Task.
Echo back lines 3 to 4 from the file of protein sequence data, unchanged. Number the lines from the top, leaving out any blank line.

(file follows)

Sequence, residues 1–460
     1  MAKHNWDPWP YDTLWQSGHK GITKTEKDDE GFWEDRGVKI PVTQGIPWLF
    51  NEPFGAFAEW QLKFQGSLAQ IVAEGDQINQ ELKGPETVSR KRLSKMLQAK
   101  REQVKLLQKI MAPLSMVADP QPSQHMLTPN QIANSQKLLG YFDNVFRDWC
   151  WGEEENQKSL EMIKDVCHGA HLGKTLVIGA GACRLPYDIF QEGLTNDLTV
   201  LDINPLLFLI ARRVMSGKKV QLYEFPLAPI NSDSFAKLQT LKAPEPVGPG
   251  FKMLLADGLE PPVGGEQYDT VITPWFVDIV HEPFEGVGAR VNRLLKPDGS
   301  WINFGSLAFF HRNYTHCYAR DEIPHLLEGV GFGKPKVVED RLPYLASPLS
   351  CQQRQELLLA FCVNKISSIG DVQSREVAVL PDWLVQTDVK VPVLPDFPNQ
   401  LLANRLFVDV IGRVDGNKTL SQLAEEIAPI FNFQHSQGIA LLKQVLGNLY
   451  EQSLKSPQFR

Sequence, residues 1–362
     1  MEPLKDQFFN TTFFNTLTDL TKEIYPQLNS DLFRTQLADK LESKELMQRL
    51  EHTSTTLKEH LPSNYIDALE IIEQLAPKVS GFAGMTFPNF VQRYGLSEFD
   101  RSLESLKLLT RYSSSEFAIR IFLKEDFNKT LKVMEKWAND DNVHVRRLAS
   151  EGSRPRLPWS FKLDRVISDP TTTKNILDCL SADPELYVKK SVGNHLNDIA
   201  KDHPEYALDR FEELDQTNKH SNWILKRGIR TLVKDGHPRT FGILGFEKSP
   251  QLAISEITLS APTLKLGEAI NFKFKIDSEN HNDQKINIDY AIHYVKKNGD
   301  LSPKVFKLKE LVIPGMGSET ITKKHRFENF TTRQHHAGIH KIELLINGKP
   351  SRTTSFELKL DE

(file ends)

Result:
    51  NEPFGAFAEW QLKFQGSLAQ IVAEGDQINQ ELKGPETVSR KRLSKMLQAK
   101  REQVKLLQKI MAPLSMVADP QPSQHMLTPN QIANSQKLLG YFDNVFRDWC